Astronomers Spot Ancient Galaxies in a Supermassive Black Hole ‘Spider Web’
The speed of light is a major inconvenience when you’re trying to land robots on another planet, but it’s a big help if you want to study the history of the universe. By peering into the far-away reaches of the cosmos, astronomers can see what the universe looked like millions or billions of years ago. A team using the European Southern Observatory’s (ESO) Very Large Telescope has spotted something unexpected: a cluster of six ancient galaxies caught in the gravity of a supermassive black hole.
This study, led by astronomer Marco Mignoli from the National Institute for Astrophysics in Italy, sought to shed light on how objects like supermassive black holes could have developed in the early universe. To that end, the team used the Very Large Telescope (VLT) to scan a part of the universe more than 12 billion light years away. These objects, therefore, appear as they were just 900 million years after the Big Bang.
In this early era of the universe, there would have been very few stars old enough to collapse into black holes. Astronomers have also struggled to explain how a black hole could accumulate so much mass in such a short time to become “supermassive.” The latest VLT discovery could help explain that. The central black hole discovered in this complex system had a mass of about a billion suns, and the galaxies surrounding it are embedded in a “spider’s web” of gas. The web crisscrosses a region of space more than 300 times the size of the Milky Way.
According to the study, the team believes these streams of gas would have acted as conduits that allowed gas to move freely between the galaxies and the black hole. This could have supplied the singularity with all the matter it needed to bulk up in just a few hundred million years.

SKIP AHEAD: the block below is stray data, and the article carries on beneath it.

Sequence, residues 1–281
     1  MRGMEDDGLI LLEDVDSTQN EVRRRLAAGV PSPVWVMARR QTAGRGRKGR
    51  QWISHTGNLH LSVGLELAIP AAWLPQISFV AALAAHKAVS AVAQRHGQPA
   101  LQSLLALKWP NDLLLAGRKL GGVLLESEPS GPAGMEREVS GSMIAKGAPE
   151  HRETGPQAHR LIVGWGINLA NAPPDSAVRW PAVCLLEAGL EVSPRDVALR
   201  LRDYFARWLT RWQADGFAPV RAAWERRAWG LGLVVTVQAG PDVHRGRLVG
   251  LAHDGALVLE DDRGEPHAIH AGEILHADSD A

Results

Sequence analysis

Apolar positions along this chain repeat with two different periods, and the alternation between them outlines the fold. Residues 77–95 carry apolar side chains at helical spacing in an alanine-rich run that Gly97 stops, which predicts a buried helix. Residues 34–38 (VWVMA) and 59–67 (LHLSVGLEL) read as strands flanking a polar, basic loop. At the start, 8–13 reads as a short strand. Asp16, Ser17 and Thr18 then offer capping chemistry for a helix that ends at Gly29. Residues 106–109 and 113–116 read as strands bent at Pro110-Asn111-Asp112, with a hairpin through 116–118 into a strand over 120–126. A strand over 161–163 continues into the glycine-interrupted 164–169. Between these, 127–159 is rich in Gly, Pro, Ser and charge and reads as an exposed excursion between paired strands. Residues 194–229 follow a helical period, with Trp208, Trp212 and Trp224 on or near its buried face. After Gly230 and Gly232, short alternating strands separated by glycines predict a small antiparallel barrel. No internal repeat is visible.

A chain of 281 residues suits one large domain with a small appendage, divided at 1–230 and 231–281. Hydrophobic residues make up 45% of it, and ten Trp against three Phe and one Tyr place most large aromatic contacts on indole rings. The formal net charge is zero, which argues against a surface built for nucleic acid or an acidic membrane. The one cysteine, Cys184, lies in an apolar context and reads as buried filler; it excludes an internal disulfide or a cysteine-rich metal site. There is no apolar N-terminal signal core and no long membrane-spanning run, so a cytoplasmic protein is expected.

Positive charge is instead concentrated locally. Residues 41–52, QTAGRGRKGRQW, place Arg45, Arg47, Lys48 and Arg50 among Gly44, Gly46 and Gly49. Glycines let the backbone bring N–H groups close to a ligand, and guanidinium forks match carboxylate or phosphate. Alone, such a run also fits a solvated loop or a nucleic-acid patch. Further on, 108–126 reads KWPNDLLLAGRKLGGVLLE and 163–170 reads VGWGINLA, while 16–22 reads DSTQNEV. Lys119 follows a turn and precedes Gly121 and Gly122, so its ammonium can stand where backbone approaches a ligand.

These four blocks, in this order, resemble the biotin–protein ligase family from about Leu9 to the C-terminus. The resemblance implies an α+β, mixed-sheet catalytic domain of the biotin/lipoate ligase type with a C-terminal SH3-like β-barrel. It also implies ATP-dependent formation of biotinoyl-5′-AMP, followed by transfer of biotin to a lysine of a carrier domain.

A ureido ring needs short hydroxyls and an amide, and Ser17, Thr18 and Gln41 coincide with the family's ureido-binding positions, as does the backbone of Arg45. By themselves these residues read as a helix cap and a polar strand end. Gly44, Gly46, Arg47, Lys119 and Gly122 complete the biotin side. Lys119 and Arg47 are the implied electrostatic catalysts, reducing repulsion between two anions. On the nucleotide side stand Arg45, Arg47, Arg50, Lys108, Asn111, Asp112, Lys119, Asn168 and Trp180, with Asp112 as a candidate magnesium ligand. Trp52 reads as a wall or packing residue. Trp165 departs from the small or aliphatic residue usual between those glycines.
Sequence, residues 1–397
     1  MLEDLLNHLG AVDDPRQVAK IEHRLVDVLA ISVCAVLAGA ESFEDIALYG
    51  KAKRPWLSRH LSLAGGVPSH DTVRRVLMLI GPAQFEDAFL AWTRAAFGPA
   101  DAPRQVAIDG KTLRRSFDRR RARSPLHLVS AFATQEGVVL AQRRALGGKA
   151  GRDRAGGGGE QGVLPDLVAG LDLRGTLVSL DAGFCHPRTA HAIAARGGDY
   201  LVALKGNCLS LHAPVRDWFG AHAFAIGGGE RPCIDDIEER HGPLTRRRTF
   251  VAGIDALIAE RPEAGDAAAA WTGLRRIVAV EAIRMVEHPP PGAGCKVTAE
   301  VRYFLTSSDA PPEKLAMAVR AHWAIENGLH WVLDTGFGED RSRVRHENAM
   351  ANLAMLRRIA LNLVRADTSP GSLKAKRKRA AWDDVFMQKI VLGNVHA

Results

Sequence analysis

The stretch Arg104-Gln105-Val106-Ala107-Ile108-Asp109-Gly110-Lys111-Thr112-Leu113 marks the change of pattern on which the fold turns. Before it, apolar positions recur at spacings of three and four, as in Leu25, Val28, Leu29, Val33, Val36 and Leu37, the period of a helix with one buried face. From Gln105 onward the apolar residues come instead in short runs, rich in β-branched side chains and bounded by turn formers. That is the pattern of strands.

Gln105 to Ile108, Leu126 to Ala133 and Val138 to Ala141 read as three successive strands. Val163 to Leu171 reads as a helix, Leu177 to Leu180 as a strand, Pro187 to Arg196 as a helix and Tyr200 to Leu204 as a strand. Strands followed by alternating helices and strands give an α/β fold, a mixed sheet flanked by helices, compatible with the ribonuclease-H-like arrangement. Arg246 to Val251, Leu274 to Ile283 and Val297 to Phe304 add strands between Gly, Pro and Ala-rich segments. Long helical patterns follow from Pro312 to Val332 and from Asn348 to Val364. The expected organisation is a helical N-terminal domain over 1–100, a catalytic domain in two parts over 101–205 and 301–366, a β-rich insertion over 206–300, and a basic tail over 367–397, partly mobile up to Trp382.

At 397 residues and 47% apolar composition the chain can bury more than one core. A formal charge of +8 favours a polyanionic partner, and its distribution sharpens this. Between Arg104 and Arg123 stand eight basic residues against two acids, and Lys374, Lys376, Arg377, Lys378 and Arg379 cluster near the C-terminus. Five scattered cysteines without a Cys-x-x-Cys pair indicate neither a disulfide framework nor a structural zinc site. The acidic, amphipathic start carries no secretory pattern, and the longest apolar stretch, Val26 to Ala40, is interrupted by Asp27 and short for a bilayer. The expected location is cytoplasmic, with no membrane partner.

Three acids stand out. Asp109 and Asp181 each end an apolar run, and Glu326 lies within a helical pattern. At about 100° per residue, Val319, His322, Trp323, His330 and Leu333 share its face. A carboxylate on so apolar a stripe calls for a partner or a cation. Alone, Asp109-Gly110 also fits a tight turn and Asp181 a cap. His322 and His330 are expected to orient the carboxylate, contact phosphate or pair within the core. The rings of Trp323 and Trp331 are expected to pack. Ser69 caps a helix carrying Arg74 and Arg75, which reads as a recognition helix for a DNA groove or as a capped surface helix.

Assuming this study is accurate, we still need to figure out how this web of gaseous filaments formed. The team speculates dark matter might be the key. We know that this invisible material has gravitational effects on other matter, and many scientists believe it could have attracted large volumes of gas in the early universe. Could the galactic tendrils observed with the VLT have been bound together by dark matter? Maybe, according to Colin Norman of Johns Hopkins University. “Our finding lends support to the idea that the most distant and massive black holes form and grow within massive dark matter halos in large-scale structures, and that the absence of earlier detections of such structures was likely due to observational limitations,” he said.
This study involved some of the dimmest objects visible with our current technology. It took many hours with the largest telescopes on Earth to gather data on the web of gas around this black hole. More powerful telescopes like the upcoming ESO Extremely Large Telescope and the James Webb Space Telescope might get us the rest of the way there.